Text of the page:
Camille Rossiello, Matt Garafalo and Jon Matkowski researching Norway maple trees on campus
By: Jessica Lau and Luz Medina
TWEET: INVASIVE NORWAY MAPLES IN EDGE FOREST HABITATS HAVE A HIGHER SEVERITY OF BLACK TAR FUNGUS INFECTION THAN THOSE IN INTERIOR HABITATS. BLACK TAR INFECTION SEVERITY ALSO INCREASES WHEN THERE IS LESS TREE DIVERSITY.
Ever wonder what those weird little black spots on your Norway maple leaves are? They’re a fungus called Rhytisma acerinum, or black tar,and they can damage your Norway maples if they’re not taken care of. Black tar can spread quickly if you plant your Norway maples too close to each other in one area or if you don’t clear the fallen leaves around it regularly enough during the fall, so make sure you do a good job with your landscaping. You can also plant any other kind of tree along with your Norway maples since they can’t get infected with black tar, so you can even make your yard look more interesting this way.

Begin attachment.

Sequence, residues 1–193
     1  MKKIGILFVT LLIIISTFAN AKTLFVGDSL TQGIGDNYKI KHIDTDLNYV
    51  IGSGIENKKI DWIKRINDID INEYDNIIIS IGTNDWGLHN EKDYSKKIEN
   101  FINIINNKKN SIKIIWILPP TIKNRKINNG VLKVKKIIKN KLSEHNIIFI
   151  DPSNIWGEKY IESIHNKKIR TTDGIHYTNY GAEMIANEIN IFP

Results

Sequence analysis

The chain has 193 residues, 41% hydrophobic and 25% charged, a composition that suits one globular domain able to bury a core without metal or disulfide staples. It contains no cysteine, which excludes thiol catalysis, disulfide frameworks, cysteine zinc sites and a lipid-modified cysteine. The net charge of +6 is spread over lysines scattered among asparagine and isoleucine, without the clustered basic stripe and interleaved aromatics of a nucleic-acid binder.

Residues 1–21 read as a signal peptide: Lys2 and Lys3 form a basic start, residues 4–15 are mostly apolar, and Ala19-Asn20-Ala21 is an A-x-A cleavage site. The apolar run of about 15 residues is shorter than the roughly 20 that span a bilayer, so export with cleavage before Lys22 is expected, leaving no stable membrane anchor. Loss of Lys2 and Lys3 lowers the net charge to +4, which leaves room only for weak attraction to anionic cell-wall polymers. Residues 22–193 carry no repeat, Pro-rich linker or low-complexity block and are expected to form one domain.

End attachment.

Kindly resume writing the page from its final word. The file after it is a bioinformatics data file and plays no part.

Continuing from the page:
Next time you are about to go into the woods, notice how the first Norway maples you see have more black tar than the ones farther into the woods. You could try to plant your Norway maples similarly to the ones with less black tar in order to ensure they can be healthier.